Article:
Elementary schools in the United States facts for kids
An elementary school is a primary school which is the main point of delivery of primary education in the United States, for children between the ages of 5–11 and coming between pre-kindergarten and secondary education.
In 2001, there were 92,858 elementary schools (68,173 public, 24,685 private) in the United States, a figure which includes all schools that teach students from First Grade through Eighth Grade.
According to the National Center for Education Statistics, in the fall of 2017 almost 35.6 million students attended public primary schools.
It is usually from kindergarten through fifth grade.
Originally, elementary school was taking children from kindergarten through grade 8; and secondary school was the high school grades 9–12. This system was the norm in the United States until the years following World War I, because most children in most parts of the rural United States could go no further than Grade 8. Even when the high schools were available, they were often not accessible.
As the population grew and became increasingly urban and suburban instead of rural, the one-room schoolhouse changed to the multi-room schoolhouse, which became multiple schools. This produced the junior high school – which was designed to prepare children to transition from primary school to secondary school, acting as a bridge between elementary school and high school. Elementary schools were usually from Kindergarten through to grade 6; the junior high school, was often in the same building as the senior high school, that covered grades 7 through to 9; and the senior high school operated grades 10 through to 12. At the same time, grade 9 marked the beginning of high school for the purpose of GPA calculation.
Teachers had credentials to work in either primary or secondary education. A Primary School Certificate qualified the holder to teach any subject in grades K through 8, and their major and minor subjects in grade 9. A Secondary School Certificate qualified the holder to teach any subject in grades 7 and 8, and their major and minor subjects in grades 9 through 12.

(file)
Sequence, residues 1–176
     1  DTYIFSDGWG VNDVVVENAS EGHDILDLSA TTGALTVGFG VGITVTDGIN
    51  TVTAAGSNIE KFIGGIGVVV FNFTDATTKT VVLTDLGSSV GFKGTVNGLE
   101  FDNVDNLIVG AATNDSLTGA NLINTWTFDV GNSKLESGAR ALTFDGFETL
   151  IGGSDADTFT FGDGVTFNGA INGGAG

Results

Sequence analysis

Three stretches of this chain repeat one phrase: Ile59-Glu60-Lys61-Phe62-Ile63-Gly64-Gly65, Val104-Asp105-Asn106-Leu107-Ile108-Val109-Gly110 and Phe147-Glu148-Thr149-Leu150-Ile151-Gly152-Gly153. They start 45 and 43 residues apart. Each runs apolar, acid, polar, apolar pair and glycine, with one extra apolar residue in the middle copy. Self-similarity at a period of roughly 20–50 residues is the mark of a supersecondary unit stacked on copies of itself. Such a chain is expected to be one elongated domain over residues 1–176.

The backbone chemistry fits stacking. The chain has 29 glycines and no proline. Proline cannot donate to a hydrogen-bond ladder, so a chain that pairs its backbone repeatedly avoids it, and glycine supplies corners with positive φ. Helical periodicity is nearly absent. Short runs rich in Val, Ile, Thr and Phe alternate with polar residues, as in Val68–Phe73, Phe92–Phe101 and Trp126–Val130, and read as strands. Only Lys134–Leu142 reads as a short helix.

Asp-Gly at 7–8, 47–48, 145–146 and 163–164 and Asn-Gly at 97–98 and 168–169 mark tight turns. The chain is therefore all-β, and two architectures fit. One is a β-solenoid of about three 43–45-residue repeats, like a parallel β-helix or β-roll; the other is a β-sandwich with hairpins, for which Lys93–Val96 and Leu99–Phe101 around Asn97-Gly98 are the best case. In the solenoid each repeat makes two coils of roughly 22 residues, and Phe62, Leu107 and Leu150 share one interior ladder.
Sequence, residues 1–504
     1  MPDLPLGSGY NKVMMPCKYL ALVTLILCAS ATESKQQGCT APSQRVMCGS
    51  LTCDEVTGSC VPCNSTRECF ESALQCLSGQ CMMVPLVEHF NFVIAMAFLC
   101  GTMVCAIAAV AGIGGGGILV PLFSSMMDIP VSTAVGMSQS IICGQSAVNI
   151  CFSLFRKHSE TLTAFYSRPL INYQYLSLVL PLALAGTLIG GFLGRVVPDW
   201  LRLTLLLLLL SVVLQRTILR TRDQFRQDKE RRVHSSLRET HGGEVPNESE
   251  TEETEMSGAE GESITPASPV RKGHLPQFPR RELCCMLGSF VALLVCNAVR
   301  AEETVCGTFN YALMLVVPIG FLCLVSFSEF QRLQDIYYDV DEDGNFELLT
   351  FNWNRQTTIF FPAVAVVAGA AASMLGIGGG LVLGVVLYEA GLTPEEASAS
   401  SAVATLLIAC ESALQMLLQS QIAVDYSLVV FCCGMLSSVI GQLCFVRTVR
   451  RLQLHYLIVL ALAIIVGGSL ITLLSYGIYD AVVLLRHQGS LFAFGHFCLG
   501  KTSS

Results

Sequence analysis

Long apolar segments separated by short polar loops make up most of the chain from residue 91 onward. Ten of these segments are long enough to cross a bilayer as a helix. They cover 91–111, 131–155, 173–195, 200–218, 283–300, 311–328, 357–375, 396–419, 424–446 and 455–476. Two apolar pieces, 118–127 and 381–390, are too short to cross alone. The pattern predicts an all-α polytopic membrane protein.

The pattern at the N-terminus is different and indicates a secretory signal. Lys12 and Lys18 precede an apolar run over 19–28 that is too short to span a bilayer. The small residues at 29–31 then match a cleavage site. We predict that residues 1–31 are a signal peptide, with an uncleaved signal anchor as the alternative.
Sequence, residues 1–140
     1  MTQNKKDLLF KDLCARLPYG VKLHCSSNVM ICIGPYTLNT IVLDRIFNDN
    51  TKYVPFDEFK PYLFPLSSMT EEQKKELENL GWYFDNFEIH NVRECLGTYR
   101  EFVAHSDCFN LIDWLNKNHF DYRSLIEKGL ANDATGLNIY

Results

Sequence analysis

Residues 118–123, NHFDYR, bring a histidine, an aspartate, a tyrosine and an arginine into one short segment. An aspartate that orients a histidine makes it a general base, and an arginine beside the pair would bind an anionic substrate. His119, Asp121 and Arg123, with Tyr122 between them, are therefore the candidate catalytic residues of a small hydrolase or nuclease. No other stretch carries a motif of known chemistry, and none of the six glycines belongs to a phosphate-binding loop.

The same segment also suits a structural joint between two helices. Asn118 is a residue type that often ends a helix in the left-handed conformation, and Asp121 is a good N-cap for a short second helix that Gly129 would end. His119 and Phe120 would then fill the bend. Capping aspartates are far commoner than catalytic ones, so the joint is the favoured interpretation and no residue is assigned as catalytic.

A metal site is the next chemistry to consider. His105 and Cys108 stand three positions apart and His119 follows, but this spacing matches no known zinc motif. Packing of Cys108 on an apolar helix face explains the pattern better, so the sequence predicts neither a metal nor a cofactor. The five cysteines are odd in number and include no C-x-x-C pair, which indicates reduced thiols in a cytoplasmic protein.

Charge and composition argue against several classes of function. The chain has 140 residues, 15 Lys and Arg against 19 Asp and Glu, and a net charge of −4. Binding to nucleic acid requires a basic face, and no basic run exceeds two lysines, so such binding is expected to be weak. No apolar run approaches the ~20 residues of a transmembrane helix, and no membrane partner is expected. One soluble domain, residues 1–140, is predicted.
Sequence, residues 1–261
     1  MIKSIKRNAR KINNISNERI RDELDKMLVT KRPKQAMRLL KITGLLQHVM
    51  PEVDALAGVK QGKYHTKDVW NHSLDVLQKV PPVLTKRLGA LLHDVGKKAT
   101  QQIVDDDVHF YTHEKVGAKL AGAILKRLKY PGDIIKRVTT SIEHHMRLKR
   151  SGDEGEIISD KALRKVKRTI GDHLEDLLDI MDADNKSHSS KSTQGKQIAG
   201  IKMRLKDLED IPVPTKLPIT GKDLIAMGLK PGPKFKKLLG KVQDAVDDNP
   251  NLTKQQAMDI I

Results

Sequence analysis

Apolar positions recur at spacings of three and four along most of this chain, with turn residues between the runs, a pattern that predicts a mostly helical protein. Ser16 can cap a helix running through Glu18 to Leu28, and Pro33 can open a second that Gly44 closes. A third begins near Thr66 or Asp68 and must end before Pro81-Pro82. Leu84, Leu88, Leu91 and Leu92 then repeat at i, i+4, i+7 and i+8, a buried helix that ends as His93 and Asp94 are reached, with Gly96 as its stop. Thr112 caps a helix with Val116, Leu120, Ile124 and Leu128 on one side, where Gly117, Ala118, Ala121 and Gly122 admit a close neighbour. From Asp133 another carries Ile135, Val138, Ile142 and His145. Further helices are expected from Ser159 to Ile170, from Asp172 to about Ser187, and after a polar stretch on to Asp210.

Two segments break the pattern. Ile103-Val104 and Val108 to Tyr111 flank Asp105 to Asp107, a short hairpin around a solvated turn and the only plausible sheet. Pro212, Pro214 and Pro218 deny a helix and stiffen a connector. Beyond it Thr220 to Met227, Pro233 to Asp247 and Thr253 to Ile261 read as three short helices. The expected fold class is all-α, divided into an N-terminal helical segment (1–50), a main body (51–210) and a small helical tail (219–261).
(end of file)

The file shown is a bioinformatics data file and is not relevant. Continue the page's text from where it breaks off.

By the late 1960s the junior high school started to get replaced by the middle school. This change saw grade 9 considered as (senior) high school, with grade 6 sometimes included in middle school with grades 7 and 8. Now, the 20th-century American education began with the elementary school finishing at grade 8, the 21st century begins with the American elementary school finishing at grade 5 in many jurisdictions, though the older systems are still operating in some areas.
Over the past few decades, schools in the USA have been testing various arrangements which break from the one-teacher, one-class model. Multi-age programs, where children in different grades (e.g., Kindergarten through to second grade) share the same classroom and teachers, is one increasingly popular alternative to traditional elementary instruction. Another alternative is that children might have a main class and go to another teacher's room for one subject, such as science, while the science teacher's main class will go to the other teacher's room for another subject, such as social studies. This could be called a two-teacher, or a rotation. It is similar to the concept of teams in junior high school. Another method is to have the children have one set of classroom teachers in the first half of the year, and a different set of classroom teachers in the second half of the year.
- See also: Education in the United States
Primary education tends to focus on basic academic learning, skills that help a person master a trade or a job and skills we use everyday to interact and communicate with others, introducing children to the broad range of knowledge and skills they need to succeed in life – and, particularly, in secondary school.
Learning standards are identified for all areas of a curriculum by individual states, including those for mathematics, social studies, science, physical development, the fine arts, and reading. The No Child Left Behind Act has made sure that standards in curriculums exist at the state level.
Basic subjects are taught in elementary school, and students often remain in one classroom throughout the school day (until starting different blocks), except for physical education, library, music, and art classes. However, in some schools, especially primary, physical education, art and music are not taught.
The school district selects curriculum guides and textbooks that reflect a state's learning standards for each grade level.
Teachers typically earn either a Bachelors or master's degree in Early Childhood and Elementary Education.
Public Elementary School teachers typically instruct between twenty and thirty students of diverse learning needs. A typical classroom will include children with a range of learning needs or abilities, from those identified as having special needs to those that are gifted in some areas.
Teachers use a variety of ways to teach, with a focus on getting pupils attention. Humor is sometimes used. Cartoons, for example, can capture ideas in one image.
Elementary schools in the United States Facts for Kids. Kiddle Encyclopedia.